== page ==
1. Tax reform rolls forward.

    The House passed its version of the GOP’s tax overhaul plan Thursday.

  • The 227-205 vote marked a major victory for House Speaker Paul Ryan as well as Pres. Trump’s economic agenda. Only 13 House Republicans voted against what is considered the biggest tax code rewrite in three decades.
  • The passage of the House bill marks a “significant leap forward” as Congress seeks to enact $1.5 trillion in tax cuts and “deliver the first major legislative achievement” of the Trump administration.
  • The Senate must now vote on its own version of tax reform, and Republicans hope to “send a compromise bill for Trump to sign by Christmas.”
  1. Allegations, accusers & voters.

    Allegations of sexual assault continue to rock Democrats and Republicans alike.

  • Al Franken is the most recent politician to come under fire as allegations of sexual misconduct have surfaced. Franken almost instantly issued an apology to his accuser as fellow Democrats condemned his behaviors and withdrew campaign contributions.
  • Meanwhile, Alabama’s Republican Senate nominee Roy Moore continues to deny allegations of sexual misconduct, lashing out and declaring war against his accusers and D.C. Republicans alike. Some groups condemned Moore’s response as “intimidation tactics” that can deter victims of assault from coming forward.
  • As more accounts of alleged misconduct come forward, polling results show that individual voting history “colors how people view” the veracity of the allegations.
  1. Mueller’s subpoena.  

    New reports reveal that Special Counsel Robert Mueller issued a subpoena to the Trump campaign in mid-October.

  • Sources say that Mueller’s subpoena would not “compel testimony before a grand jury” but surprised the Trump camp as it had been voluntarily handing over documents since September. The subpoena marked the first time Trump’s campaign  was officially ordered to provide information to the investigation.
  • On a separate but related issue, the Senate Judiciary Committee said that Trump’s senior advisor and son-in-law Jared Kushner has not been “fully forthcoming” in his testimonies about Wikileaks and other possible points of Russian interference.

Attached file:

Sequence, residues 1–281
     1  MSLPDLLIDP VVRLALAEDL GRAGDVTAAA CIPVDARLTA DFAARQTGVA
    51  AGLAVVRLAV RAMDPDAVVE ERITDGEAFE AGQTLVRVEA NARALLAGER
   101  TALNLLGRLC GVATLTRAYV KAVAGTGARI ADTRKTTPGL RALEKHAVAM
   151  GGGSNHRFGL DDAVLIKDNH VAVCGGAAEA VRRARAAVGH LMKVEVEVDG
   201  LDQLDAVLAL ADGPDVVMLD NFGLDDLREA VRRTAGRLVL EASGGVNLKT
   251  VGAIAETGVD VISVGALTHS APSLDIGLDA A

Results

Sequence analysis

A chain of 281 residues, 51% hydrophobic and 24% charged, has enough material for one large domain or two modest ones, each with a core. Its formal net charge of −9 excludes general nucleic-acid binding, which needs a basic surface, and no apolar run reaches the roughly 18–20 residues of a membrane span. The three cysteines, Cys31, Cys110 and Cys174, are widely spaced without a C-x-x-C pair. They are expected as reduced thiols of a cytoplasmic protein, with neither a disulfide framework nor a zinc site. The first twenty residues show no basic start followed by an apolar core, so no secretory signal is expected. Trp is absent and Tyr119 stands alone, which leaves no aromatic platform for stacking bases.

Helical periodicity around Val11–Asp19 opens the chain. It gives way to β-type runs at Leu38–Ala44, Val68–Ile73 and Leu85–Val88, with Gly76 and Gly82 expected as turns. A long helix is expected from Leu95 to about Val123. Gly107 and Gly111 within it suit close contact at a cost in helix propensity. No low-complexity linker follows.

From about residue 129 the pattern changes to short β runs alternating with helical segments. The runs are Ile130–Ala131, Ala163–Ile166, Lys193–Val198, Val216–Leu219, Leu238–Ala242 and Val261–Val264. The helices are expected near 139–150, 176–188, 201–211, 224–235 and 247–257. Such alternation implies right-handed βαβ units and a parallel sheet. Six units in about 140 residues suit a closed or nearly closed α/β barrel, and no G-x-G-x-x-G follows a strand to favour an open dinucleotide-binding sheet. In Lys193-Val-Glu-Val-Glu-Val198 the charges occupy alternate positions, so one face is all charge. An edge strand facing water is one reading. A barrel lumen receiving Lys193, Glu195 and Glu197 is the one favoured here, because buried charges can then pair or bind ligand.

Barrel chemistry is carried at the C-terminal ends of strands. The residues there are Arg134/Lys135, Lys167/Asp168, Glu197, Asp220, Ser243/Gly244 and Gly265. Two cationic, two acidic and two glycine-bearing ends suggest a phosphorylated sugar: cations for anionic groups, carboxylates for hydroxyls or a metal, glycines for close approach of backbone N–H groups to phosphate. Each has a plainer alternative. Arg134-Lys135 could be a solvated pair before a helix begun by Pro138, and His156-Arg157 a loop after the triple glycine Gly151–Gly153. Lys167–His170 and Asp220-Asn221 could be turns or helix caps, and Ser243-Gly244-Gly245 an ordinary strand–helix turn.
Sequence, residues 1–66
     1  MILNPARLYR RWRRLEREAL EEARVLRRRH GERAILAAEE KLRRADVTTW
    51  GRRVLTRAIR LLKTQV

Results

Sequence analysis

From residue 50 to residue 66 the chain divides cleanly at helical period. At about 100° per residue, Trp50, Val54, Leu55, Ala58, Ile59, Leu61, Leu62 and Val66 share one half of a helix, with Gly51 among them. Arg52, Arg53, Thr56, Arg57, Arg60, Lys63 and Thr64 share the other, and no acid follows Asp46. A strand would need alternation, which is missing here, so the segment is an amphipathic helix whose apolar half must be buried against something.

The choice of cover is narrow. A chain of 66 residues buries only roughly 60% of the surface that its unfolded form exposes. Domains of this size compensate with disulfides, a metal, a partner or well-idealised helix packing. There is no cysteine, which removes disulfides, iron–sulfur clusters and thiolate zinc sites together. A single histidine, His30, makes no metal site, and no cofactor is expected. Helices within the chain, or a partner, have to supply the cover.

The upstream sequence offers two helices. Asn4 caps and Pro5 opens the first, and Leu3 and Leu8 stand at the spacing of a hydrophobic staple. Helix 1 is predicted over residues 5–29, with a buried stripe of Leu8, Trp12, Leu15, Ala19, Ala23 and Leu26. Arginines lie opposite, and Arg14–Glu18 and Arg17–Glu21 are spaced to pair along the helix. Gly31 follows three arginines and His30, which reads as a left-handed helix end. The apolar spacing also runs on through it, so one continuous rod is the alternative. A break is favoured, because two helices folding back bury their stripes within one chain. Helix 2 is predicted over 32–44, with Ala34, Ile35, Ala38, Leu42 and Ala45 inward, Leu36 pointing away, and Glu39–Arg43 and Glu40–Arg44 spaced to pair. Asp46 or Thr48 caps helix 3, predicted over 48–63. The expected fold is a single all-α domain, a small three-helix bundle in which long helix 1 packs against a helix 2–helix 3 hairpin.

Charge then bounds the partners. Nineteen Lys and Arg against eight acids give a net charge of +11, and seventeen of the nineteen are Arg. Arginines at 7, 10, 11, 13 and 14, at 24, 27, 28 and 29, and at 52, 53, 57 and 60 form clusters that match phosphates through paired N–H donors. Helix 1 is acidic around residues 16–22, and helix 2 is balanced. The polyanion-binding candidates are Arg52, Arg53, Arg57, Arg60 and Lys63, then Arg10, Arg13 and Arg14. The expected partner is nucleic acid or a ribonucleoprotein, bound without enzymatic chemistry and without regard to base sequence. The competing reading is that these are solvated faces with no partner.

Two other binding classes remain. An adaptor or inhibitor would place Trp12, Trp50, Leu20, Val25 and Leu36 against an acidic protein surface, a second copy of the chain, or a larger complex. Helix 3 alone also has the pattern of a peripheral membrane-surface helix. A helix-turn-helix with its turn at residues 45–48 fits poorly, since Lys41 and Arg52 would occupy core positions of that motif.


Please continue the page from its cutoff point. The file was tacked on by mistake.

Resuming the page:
1. Healthcare.

    ACA enrollments are up, and analysts say premiums could be too.

  • Obamacare enrollments have nearly doubled compared to the enrollment numbers at this time last year. However, since consumers have only half the time to enroll this year final numbers could ultimately see fewer Americans enrolled in health coverage.
  • The spike in ACA enrollments coincides with an added provision to the Senate tax reform bill that would repeal Obamacare’s individual mandate, eliminating penalties on those who do not buy health insurance. The measure is expected to raise up to $400 billion over the next year, but opponents warn of increased premiums should it pass.
  1. Keystone spill.

    The Keystone Pipeline spilled about 210,000 gallons of oil in South Dakota Thursday morning.

  • Operators said the pipeline was shut off within minutes of discovering the leak. They are working with state regulators and Pipelines and Hazardous Materials Safety officials “to assess the situation.”
  • The spill comes at a critical time for long-delayed sister pipeline  Keystone XL that is due to face a decision Monday over whether it will receive an operating permit from Nebraska’s Public Service Commission. After winning the 2016 election Pres. Trump issued an executive order clearing the way for Keystone XL, but it still requires sign off from Nebraska’s PSC.